Vortex Cities to Sustainable Cities: Australia's Urban Challenge is about Australian cities and their prospects for sustainability. In nature, a vortex is an irresistible force, a whirlpool (usually of water or air) that violently captures and then destroys virtually everything in its path. The book's title makes a clear analogy between Austraila's major cities as they operate now, and the implications this has for their future - as well as the future of the country. The book looks specifically at the environmental prospects of Australian largest cities - all the mainland capitals, including Canberra and Newcastle - and discusses their histories and the planning ideas that have shaped their development. Vortex Cities to Sustainable Cities contains chapters on population and demography, air quality, water quality, water availability, transport and biodiversity. These chapters include many new ideas that will help to make our cities more sustainable. That said, this book is not just about cities. It argues that having sustainable cities will be vital in reducing negative impacts of urban expansion on our rural and wild environments, too. Vortex Cities to Sustainable Cities will stimulate debate among many Australians about the kind of future we want for our country. It will engage planners and politicians, academics and activists, teachers and students, and many interested and informed ordinary Australians.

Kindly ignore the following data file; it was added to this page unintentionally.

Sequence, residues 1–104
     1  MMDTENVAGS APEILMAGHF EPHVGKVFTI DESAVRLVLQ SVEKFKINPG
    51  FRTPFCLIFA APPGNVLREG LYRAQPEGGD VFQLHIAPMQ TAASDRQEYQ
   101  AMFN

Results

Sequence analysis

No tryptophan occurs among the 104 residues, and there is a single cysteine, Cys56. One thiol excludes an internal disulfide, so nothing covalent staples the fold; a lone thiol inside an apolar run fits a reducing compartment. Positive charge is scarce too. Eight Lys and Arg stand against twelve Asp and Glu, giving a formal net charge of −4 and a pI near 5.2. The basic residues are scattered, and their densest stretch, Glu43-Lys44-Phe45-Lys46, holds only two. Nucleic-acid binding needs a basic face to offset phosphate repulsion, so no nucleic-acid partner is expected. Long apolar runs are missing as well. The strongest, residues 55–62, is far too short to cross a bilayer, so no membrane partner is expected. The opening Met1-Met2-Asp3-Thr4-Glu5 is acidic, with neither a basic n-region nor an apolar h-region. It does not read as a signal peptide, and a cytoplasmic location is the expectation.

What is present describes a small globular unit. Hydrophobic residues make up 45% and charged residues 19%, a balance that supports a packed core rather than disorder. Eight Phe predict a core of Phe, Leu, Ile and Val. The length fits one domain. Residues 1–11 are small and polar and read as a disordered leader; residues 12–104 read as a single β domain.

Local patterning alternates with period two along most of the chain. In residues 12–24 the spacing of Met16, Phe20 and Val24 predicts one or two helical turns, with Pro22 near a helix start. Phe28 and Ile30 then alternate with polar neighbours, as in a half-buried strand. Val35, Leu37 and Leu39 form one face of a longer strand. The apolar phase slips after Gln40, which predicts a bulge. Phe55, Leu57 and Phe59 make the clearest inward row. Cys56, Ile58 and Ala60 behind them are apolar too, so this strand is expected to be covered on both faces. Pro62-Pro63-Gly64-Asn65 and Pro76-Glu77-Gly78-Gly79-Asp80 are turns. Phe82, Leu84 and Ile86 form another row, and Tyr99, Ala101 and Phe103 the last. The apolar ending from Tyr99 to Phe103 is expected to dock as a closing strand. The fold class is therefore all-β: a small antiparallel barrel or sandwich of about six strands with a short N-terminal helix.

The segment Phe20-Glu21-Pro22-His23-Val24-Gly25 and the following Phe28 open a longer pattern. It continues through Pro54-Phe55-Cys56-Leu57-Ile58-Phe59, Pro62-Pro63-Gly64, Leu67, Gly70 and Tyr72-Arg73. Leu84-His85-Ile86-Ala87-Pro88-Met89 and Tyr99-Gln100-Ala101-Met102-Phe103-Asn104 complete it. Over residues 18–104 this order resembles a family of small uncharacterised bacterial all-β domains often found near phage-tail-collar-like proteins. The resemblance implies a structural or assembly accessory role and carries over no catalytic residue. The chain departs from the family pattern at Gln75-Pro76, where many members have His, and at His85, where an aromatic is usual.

Dr Phil McManus is a Senior Lecturer in the School of Geosciences at the University of Sydney with qualifications in urban and regional planning, environmental studies and geography. In Australia he has lived and taught in Perth, Newcastle and Sydney. He is a National Councillor of the Australian Conservation Foundation.
Acknowledgements; Introduction; Section I Patterns and processes in historical perspective; 1 Australia's largest oities; 2 Australian cities and planning; 3 Australian cities today: issues, governance and planning; 4 Towards sustainable cities; Section II Sustainability issues; 5 Population; 6 Water; 7 Transport; 8 Waste, industrial ecology and ecological modernisation; 9 Climate change, ozone depletion and urban air quality; 10 Biodiversity; Section III Future directions; 11 Processes facilitating sustainable cities in Australia; Conclusion; Reference list; Index